Apologies to those who have already heard this news a thousand times, but this is for the benefit of those who may have spent the last 24 hours on one of the remoter satellites of Jupiter, or in Texas: England beat the Caribbean island 2 – 0 last night. This means that they will finish up in either first or second place in their group, and are therefore certain to qualify as one of the last 16 – whether or not we beat Sweden on Tuesday night. England were dire for the first ⅔ of the game, but then Sven sent in The Roon and Lennox, neither of whom scored, but they managed to inculcate upon the guys who had already been on the field for an hour a sense of urgency they had hitherto lacked. (The word ‘Roon’ does not appear in the Oxford, but its homonym is defined as ‘a mark of magic significance’, which is about right.) I don’t wish to be parochial about this, but goal #2 was scored by a different scouse, who for the first 90 minutes had thought he was Jonnie Wilkinson. (A rugby player.)
Whom we play in the quarter finals depends on a number of factors, but I think it comes out at either Germany or Equador. We will by then be in the ‘sudden death’ part of the competition – if you lose you’re out.
Enough about football – let’s discuss bananas. A shop in Sydney, Australia, has a sign in the window which reads ‘No bananas kept on the premises overnight’. Sound like the beginning of a joke? It’s no joke. Because of serious storms in its banana-growing regions, the crop has failed, and the cost of the phallic fruit has increased twenty-fold. So instead of putting your £100 in the stock market and ending up with £90, you could have had £2,000-worth of rotting bananas.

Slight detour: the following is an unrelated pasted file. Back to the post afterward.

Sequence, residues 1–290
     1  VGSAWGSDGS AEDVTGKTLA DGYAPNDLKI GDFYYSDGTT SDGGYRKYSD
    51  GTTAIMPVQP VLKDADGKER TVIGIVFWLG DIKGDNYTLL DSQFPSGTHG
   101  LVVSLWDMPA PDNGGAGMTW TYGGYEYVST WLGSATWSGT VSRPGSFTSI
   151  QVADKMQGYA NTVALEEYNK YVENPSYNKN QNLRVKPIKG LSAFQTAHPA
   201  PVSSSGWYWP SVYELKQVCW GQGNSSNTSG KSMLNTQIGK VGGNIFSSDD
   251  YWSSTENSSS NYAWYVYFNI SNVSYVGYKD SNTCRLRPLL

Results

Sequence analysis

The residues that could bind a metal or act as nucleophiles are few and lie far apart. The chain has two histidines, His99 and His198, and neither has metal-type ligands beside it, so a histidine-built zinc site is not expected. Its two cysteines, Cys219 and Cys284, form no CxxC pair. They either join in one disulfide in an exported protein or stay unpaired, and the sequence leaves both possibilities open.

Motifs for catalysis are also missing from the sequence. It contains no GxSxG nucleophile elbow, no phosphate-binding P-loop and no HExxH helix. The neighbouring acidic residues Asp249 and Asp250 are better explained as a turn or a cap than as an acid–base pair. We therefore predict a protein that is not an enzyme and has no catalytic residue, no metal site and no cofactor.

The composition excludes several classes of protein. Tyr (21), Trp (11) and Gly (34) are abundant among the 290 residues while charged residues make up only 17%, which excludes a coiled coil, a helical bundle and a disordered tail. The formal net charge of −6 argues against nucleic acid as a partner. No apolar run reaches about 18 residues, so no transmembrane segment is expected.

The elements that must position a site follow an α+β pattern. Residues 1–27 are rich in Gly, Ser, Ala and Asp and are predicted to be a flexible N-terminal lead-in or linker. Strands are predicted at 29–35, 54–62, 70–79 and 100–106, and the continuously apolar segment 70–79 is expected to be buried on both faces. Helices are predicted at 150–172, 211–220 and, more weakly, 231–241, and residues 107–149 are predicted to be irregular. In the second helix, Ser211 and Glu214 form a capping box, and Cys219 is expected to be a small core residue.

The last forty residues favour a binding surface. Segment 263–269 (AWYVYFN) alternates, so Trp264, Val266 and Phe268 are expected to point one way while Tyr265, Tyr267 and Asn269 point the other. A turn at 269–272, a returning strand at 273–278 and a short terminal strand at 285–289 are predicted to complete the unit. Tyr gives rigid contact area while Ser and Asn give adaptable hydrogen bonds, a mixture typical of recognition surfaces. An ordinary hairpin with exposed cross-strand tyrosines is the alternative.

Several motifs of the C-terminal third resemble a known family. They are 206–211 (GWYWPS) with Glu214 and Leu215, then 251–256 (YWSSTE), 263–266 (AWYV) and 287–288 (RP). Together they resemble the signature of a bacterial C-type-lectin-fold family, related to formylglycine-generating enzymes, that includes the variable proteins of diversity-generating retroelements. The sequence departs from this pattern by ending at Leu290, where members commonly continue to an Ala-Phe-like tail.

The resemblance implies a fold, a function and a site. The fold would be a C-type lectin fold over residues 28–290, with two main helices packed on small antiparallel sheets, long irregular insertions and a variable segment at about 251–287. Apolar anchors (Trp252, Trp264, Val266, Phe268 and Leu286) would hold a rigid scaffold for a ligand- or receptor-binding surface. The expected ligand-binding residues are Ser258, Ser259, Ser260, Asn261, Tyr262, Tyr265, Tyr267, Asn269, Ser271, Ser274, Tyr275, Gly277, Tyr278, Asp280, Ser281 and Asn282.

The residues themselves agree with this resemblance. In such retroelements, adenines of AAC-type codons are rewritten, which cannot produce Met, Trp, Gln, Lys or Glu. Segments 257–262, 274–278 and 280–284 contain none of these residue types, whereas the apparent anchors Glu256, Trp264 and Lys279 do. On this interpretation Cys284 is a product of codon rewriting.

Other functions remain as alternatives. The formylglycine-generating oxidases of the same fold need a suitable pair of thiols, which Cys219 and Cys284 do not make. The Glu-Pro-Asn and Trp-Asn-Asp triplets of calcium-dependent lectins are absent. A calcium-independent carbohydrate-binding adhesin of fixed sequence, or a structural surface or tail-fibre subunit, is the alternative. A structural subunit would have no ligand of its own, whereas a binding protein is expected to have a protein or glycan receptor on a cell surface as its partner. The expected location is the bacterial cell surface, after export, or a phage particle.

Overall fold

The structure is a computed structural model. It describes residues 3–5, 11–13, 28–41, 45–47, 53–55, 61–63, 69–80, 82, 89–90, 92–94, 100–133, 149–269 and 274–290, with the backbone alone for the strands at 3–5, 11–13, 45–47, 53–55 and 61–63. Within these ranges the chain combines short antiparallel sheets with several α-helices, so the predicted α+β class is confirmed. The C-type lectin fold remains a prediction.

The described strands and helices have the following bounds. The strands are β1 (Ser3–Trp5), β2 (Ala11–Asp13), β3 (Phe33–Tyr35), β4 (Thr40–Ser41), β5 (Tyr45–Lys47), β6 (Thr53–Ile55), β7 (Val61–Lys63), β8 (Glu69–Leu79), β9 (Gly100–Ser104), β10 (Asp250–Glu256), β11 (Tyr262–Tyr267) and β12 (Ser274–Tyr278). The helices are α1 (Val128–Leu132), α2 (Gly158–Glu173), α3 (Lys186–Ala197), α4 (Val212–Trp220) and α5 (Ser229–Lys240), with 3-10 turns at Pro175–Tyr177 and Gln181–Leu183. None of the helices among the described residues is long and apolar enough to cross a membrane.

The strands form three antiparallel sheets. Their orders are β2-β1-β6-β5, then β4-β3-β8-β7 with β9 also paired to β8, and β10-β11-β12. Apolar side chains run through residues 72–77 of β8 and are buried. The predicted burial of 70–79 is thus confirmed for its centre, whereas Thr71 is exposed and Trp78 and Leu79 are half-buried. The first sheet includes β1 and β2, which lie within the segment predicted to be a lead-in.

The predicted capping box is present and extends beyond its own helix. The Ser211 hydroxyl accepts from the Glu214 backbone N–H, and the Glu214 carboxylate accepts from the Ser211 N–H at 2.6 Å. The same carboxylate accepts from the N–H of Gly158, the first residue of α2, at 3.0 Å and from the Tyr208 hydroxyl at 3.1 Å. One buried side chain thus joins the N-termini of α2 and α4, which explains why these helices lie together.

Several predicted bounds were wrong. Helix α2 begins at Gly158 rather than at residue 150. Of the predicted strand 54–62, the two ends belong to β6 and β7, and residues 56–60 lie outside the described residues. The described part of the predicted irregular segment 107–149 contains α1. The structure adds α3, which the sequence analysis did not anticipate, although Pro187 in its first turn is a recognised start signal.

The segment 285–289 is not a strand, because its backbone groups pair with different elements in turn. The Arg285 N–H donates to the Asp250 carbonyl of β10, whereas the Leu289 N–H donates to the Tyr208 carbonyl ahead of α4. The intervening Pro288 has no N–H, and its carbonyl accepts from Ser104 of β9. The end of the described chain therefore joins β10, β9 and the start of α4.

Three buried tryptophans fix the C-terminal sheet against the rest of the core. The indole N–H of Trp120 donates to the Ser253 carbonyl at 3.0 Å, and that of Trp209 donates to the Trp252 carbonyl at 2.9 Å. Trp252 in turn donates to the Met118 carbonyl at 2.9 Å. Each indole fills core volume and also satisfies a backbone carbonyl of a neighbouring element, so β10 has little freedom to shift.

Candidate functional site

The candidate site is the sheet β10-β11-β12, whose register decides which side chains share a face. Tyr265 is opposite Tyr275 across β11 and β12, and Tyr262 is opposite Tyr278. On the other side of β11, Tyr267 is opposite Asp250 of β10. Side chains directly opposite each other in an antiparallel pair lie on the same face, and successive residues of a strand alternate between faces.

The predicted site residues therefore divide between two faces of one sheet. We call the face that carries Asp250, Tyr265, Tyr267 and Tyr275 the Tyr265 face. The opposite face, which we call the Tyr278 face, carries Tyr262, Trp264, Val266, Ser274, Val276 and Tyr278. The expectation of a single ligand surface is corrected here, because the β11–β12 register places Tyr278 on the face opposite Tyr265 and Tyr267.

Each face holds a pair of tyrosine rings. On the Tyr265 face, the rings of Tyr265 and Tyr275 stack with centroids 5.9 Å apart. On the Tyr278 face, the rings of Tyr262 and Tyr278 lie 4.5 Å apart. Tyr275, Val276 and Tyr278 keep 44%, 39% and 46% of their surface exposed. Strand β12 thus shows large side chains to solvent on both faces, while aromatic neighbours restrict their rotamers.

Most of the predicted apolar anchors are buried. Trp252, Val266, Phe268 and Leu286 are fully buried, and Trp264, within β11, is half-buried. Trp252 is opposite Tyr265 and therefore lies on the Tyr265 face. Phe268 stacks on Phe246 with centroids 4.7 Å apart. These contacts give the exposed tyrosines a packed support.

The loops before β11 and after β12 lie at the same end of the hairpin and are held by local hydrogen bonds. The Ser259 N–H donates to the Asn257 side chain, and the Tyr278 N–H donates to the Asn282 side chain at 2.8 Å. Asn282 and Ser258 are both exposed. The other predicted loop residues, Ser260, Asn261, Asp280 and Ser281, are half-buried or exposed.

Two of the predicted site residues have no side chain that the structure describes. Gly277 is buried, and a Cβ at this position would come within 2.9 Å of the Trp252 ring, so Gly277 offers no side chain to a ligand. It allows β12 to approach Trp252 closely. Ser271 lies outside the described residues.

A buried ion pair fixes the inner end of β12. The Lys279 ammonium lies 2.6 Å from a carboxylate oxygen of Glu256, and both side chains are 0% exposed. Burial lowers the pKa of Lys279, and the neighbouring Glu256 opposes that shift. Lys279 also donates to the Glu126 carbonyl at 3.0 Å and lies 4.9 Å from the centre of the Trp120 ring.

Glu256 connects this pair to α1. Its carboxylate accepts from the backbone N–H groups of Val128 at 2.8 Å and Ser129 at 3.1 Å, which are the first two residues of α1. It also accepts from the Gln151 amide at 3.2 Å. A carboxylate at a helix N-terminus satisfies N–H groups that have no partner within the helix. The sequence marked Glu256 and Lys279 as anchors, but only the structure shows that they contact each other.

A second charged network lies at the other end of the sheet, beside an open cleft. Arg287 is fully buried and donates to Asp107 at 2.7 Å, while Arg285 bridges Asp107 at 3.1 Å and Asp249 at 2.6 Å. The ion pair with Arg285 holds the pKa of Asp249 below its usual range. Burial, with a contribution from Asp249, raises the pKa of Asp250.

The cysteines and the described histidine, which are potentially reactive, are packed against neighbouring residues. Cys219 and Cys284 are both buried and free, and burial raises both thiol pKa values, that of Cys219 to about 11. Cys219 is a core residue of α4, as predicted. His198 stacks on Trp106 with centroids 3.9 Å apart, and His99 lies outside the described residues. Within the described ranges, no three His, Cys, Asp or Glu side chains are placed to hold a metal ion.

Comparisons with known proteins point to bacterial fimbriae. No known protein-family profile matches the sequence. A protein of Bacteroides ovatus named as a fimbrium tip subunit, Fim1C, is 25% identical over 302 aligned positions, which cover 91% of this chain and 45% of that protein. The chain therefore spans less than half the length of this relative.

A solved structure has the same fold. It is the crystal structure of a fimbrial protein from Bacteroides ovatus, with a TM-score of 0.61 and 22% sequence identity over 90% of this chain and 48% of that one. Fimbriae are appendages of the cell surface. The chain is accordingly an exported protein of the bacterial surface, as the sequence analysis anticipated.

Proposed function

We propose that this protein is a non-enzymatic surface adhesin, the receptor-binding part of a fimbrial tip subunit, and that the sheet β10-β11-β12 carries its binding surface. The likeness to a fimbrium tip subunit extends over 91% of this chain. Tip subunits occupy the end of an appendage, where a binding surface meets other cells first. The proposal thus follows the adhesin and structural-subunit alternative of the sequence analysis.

Do you get a wrenching feeling in the pit of your stomach when you get a message headed, "Introducing a simpler (or ‘safer’, or ‘more efficient’ or ‘beneficial’– you get the idea) policy", from a big organisation – or is it just me? Do you, like me, wonder who will reap these benefits? Today’s e-mail from British Airways is headed ‘Introducing a simpler baggage policy’. Flashing red lights – what is it going to cost me?
You will be pleased to learn that henceforth, in order to comply with ‘health and safety recommendations’, you will be charged excess baggage on every checked-in bag not included in the (unspecified - depends how much you paid for your ticket) 'free' baggage allowance, and that the maximum weight of said bag will be reduced.
But there's good news too: you will be allowed to carry two pieces of luggage on board – provided they are within certain measurement and weight limits. (To be fair, no efficiency or health and safety benefits are claimed for this procedure.)
The e-mail ends with a logo and the words:
‘In association with Samsonite’.